From London’s Kew Gardens to Singapore’s Gardens by the Bay, botanic gardens worldwide are home to at least a third of all known plant species – but they need to do more to protect those at risk of extinction, researchers say.
A fifth of plants are currently under threat, but there is no technical reason why any of them should become extinct, scientists said after completing a survey of 1,116 collections.
“The global network of botanic gardens is our best hope for saving some of the world’s most endangered plants,” said Samuel Brockington of Cambridge University’s department of plant sciences, and a curator at the university’s botanic garden.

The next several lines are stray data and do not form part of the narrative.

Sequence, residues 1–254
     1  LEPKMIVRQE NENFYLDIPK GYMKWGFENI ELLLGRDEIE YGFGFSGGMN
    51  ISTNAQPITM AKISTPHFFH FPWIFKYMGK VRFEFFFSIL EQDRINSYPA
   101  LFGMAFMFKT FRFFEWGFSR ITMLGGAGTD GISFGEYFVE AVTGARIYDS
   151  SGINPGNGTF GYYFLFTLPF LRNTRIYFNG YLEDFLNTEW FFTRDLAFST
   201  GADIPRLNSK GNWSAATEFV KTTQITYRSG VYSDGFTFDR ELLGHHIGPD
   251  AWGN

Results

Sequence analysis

“If we do not conserve our plant diversity, humanity will struggle to solve the global challenges of food and fuel security, environmental degradation and climate change,” he said.
In all, the botanic gardens surveyed held more than 105,000 species.
“These numbers are all the more remarkable as they represent a minimum estimate, based on data derived from just one-third of botanic gardens worldwide,” the researchers wrote in the journal Nature Plants.
Currently about 10 percent of the storage capacity of botanic gardens is devoted to endangered species, and this needs to be expanded, they said.
Better international coordination is needed to house more species at risk – particularly those from tropical climates, the researchers said.
Most of the world’s plants are tropical, and they make up 25 percent of plants in botanic gardens, a large number of which are based in the more temperate climates of Europe and North America.
Substantial investment is needed to build a global system for the conservation of threatened plants that can prevent species extinctions, the researchers wrote.